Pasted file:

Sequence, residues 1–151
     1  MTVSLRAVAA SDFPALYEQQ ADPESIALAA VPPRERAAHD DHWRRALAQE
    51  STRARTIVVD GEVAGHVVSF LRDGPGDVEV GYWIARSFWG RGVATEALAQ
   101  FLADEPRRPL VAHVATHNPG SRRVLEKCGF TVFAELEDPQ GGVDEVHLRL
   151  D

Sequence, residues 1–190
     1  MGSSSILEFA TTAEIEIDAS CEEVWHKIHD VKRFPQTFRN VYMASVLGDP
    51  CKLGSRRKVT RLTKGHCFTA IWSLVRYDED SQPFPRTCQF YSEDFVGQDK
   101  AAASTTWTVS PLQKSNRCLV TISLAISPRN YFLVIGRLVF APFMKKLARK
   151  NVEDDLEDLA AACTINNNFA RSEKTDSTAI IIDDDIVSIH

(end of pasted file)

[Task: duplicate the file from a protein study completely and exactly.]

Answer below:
Sequence, residues 1–151
     1  MTVSLRAVAA SDFPALYEQQ ADPESIALAA VPPRERAAHD DHWRRALAQE
    51  STRARTIVVD GEVAGHVVSF LRDGPGDVEV GYWIARSFWG RGVATEALAQ
   101  FLADEPRRPL VAHVATHNPG SRRVLEKCGF TVFAELEDPQ GGVDEVHLRL
   151  D

Sequence, residues 1–190
     1  MGSSSILEFA TTAEIEIDAS CEEVWHKIHD VKRFPQTFRN VYMASVLGDP
    51  CKLGSRRKVT RLTKGHCFTA IWSLVRYDED SQPFPRTCQF YSEDFVGQDK
   101  AAASTTWTVS PLQKSNRCLV TISLAISPRN YFLVIGRLVF APFMKKLARK
   151  NVEDDLEDLA AACTINNNFA RSEKTDSTAI IIDDDIVSIH